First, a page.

By submitting your email address, you agree to receive emails regarding relevant topic offers from TechTarget and its partners. You can withdraw your consent at any time. Contact TechTarget at 275 Grove Street, Newton, MA.
"It does not take 50 million lines of code to do e-mail, browse the 'net and write a letter."
I spoke those words at the Tampa Bay Mac Users Group meeting on Aug. 10. At that gathering, I came to a nice conclusion that most of them agreed with: "You Mac people need to calm way the hell down! You are too enthusiastic!" It's like the ex-drug addict who somehow got a prescription for an infinite supply of happy pills, or that former sinning friend who suddenly found religion and just won't shut up.
Mac people, chill. It's only a computer, and it's only a tool. If you are anthropomorphizing, you need help. Yes, PCs are good. They have their space, too, so just relax. There is also room for your brother Linux. Get a grip.
Then we talked about "What do you really need a computer for" and other than the octogenarian into group-sex and porn, it came down to three things:
- Email the grandkids and get pictures back.
- Surf the net for porn and shopping.
- Word for writing.
That is 95% (ok, pick your own large number) of the world.
CAVEAT: It does not take 50 million lines of code to do e-mail, browse the net or write a letter. And I chastise myself for espousing simplicity yet allowing my autonomic reaction to look for the hardest possible solution.
The transition from WinTel to Mac is going to be a lot harder for people with years of PC experience than for newbies. My daughter made the transition in about an hour. Me? I still enter Win codes with my left hand. Gonna take awhile and I accept that. Reprogramming the keys to emulate Win hotkeys might be heresy, but it's my box and my life.
CAVEAT: Unless specifically compelled otherwise for legitimate and extenuating reasons, all new computer users should buy a Mac. It makes all of our lives easier. (Read: less customer support from geeks to users.)
I am not going Mac religious on you. I am happy and that is what matters to me. But, I get extra thrills and bonus points at Heaven's Gate if I try to do good and make decent, well conceived recommendations to the Generally Clueless. (No offense, of course.) Then the selfish part is I receive less tech support calls, so it's not all altruistic.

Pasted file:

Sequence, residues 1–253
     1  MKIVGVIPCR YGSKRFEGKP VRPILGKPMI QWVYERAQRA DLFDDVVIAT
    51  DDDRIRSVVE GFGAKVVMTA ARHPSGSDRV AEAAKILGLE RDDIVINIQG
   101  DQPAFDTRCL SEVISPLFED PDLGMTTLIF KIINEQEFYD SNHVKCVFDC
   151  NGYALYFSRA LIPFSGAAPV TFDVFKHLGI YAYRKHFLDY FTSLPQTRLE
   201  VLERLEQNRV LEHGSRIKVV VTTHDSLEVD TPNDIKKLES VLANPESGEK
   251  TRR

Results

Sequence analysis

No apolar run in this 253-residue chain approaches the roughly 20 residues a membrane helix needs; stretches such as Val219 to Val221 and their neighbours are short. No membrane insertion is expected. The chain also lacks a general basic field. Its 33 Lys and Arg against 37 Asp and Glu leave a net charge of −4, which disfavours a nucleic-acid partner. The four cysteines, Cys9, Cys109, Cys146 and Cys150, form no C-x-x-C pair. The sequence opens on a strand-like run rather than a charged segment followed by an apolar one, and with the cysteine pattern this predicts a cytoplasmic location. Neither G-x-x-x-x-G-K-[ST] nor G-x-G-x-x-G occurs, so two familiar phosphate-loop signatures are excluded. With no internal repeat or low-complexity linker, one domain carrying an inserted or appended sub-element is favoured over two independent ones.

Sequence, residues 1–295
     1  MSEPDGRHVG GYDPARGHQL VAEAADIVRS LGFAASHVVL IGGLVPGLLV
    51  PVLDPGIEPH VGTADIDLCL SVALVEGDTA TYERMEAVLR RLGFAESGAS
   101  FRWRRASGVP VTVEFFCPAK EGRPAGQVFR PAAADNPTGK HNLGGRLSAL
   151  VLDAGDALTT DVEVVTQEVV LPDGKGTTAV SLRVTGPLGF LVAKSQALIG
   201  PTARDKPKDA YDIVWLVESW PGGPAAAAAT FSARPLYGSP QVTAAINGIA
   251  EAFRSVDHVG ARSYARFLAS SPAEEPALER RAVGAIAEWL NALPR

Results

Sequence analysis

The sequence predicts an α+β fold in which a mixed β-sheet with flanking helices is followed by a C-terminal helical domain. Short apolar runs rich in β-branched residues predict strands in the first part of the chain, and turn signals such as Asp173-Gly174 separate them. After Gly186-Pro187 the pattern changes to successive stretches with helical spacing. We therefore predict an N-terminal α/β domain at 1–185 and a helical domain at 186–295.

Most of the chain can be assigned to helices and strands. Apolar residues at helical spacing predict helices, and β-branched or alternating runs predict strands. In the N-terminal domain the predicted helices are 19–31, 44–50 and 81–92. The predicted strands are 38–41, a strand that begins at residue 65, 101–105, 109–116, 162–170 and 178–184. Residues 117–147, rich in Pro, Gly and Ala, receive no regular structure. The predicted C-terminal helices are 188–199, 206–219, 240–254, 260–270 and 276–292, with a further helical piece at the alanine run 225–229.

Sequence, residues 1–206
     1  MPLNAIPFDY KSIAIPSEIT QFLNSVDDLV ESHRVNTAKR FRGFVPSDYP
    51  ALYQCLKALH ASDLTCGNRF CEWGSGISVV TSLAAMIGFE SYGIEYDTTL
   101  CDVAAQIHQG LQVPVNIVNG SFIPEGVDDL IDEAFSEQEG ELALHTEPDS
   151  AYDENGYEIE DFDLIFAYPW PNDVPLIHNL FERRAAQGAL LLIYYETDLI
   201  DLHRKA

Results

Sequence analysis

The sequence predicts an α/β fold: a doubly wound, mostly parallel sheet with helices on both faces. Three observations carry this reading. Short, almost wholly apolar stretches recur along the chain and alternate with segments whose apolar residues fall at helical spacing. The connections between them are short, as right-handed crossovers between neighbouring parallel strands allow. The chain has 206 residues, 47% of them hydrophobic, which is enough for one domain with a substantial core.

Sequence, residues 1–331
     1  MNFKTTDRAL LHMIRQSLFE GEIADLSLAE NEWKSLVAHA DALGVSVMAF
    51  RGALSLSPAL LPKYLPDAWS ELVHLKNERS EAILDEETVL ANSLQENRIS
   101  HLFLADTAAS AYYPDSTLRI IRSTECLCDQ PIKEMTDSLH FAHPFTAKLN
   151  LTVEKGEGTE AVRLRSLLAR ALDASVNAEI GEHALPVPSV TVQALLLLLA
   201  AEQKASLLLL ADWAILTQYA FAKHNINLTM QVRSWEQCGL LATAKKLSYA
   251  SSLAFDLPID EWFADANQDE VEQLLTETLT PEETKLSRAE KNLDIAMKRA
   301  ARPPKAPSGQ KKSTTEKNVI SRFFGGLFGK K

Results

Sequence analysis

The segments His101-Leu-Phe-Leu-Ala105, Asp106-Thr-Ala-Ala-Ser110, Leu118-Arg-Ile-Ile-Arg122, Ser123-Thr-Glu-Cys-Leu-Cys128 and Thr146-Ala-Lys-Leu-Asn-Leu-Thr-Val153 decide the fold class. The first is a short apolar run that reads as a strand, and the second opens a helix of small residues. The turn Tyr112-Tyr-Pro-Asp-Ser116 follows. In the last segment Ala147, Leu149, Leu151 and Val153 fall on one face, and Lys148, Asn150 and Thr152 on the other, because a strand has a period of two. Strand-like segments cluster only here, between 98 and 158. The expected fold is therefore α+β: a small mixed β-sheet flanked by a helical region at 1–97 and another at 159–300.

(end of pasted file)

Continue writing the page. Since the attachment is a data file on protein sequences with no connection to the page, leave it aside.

So, I guess I am going to wind down the Mad As Hell series. I had planned to do a lot more, but I am not mad as hell anymore. I am pleased as punch for all of the reasons I have discussed.
I do hereby declare my experiment a success.
Technically, I will now begin tweaking my Mac. I have run native (except Firefox and an FTP client) and will now get more under the hood (WinTel thinking) and see what damage I can do. I will ask for help from the Mac experts out there as I fumble through.
My first goal was to determine if the Mac switch was worth it, and yes, it was unquestionably one of the smartest things I have ever done, albeit late. My tech-stress level is way down. Things just work the way they should. My productivity is way up. I don't have to waste time troubleshooting.
Done. 'Nuf said.
Except for this one thing: I have one more major component to relate, and I hope to do so in a couple of weeks. It's about the total cost of ownership, or TCO. I'm just now finishing up a study of the WinTel vs. Mac TCO. It will be my analysis plus some tools to let you perform your own cost-benefit analysis when considering a WinTel or Mac (future MacTel). One will be for Ma & Pa; another for a SOHO; and a third for the small and midsized enterprise.
Hope to have them up soon. For now, I'm moving my daughter to Paris, where she'll study at the Sorbonne. My wife threatened me with the best thing a wife can threaten if I don't disconnect for at least a week. Will do, honey. Promise.
About the author
Winn Schawartau is one of the country's leading experts on information security, infrastructure protection and electronic privacy. Schwartau is president and founder of Interpact Inc., The Security Awareness Company, which develops information security awareness programs for private, public and government organizations.